The average urban Indian household has shrunk from 4.85 people to 4.44 since 2005

The average urban Indian household is shrinking. It has shrunk from 4.85 people in 2005-06 to 4.44 people in 2015-16. The norm in big cities has changed from multi-generational or joint family homes to nuclear families and further to single and two-people unit homes. These could be older people living alone or even unmarried people. 

A good 15.6% of the overall urban households in the country are single-people and two-people units. This number has increased by 70% in 10 years, between 2005-06 and 2015-16, according to two nationally representative surveys—India Human Development Survey (IHDS) 2005-06 and National Family Health Survey (NFHS) for 2015-16.

The changing family structures reflect in our urban homes. For instance, over the last five years, apartment sizes have reduced between 15-27% in the top seven cities of National Capital Region, Mumbai Metropolitan Region, Bengaluru, Pune, Kolkata, Hyderabad and Chennai, according to Anarock Property Consultants.


To be sure, digital connectivity, with data being available in abundance and at affordable prices, has impacted our changing lifestyles. Youth today prefer virtual interactions over real ones. Nearly one in every four people interviewed across Stockholm, Mumbai, New York and Shanghai by an IKEA Life at Home 2017 study thought that it’s more important to have good Wi-Fi than to have social spaces at home.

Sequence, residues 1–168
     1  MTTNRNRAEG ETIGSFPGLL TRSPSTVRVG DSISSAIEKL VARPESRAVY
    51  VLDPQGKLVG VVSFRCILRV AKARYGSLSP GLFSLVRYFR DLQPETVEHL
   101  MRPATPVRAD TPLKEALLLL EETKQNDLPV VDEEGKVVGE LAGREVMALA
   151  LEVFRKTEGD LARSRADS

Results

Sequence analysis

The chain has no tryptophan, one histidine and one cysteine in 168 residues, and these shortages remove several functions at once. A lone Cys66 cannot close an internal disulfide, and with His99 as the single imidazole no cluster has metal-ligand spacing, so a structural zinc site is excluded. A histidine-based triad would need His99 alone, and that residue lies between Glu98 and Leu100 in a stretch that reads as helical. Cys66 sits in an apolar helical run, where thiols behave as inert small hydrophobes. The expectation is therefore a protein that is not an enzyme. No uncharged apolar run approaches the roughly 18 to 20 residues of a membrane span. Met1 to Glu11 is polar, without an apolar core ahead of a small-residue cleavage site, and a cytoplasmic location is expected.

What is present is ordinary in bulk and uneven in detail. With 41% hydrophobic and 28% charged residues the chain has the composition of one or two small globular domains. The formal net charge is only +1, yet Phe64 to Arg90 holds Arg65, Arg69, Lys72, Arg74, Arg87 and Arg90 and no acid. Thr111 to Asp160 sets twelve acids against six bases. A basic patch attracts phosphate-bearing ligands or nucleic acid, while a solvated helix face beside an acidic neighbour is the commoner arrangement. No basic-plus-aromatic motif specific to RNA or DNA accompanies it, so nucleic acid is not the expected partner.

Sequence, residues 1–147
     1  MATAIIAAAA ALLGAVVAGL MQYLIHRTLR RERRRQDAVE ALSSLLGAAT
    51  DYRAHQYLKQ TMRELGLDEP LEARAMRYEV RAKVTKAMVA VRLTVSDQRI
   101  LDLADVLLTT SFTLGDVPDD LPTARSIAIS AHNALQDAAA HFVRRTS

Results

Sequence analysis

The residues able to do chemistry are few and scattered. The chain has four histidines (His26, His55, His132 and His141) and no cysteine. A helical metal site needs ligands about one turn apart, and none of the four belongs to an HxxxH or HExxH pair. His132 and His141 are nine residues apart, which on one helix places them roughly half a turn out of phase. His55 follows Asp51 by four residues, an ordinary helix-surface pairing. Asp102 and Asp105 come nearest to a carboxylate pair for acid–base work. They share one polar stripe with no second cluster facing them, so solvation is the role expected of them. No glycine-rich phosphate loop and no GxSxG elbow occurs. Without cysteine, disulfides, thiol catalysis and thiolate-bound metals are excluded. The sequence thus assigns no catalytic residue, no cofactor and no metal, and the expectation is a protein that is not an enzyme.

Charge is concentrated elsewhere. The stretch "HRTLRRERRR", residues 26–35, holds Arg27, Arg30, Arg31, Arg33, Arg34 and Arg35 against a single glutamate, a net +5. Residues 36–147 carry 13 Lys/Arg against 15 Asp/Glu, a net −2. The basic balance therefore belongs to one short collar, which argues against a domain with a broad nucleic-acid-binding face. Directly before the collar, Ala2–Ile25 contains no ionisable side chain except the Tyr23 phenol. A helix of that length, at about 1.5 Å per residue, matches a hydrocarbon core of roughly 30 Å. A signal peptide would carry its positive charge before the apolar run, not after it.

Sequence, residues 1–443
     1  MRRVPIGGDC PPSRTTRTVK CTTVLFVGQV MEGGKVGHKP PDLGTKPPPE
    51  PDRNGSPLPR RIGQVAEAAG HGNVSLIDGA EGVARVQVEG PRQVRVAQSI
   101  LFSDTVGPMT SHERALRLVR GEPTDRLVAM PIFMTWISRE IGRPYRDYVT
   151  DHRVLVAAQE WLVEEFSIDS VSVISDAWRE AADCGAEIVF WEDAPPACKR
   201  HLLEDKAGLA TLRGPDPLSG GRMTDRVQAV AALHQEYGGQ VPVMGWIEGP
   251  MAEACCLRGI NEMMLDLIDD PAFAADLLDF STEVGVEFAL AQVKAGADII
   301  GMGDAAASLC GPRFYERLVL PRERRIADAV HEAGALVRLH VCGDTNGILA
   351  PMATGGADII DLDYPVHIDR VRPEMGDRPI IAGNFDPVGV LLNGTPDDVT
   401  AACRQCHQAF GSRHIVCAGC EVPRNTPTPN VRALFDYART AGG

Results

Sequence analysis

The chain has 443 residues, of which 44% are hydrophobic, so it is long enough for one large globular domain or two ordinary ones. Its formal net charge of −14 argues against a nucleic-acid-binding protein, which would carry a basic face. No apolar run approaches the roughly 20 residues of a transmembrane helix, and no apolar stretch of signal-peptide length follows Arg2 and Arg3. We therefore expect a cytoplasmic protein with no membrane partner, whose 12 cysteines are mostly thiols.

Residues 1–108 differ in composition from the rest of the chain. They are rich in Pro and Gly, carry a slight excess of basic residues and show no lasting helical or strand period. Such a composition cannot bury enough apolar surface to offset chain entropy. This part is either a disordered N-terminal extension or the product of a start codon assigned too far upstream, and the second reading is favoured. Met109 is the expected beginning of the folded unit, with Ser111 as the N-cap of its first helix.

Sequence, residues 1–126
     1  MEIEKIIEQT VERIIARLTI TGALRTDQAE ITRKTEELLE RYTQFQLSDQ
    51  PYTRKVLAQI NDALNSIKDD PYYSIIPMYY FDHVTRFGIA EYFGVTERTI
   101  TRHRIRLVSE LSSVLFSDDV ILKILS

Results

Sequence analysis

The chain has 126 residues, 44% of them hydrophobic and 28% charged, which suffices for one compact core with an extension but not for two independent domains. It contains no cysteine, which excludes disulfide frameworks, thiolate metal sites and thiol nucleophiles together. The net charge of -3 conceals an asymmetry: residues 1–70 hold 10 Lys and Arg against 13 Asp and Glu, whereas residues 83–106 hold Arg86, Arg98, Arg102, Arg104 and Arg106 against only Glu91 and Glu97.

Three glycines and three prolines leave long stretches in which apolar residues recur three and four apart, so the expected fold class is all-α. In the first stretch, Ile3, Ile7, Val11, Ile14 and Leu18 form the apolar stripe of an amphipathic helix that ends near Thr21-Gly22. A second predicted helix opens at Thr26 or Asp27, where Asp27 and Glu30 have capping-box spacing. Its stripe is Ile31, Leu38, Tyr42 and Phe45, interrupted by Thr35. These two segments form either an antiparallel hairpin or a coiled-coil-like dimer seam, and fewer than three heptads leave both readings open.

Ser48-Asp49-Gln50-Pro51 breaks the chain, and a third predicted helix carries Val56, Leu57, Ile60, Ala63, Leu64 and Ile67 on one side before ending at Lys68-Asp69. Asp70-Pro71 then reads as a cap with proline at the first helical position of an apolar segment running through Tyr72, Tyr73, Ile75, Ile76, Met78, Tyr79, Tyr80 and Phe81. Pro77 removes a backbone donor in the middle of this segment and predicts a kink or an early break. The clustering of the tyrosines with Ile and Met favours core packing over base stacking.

Moreover, nearly one-fifth of the respondents thought it’s more important to keep in contact with friends online than to invite them to their homes. Yet, the story is not just of mindless consumption. Or even about digital’s influence on our lives. On the contrary, the Ikea study noted that consumers today are becoming more mindful of things at home. They want fewer things given the smaller living spaces and an increased concern for the environment. Moreover, messy homes, said the study, are a source of irritation and a big reason for arguments. This is even truer for youth.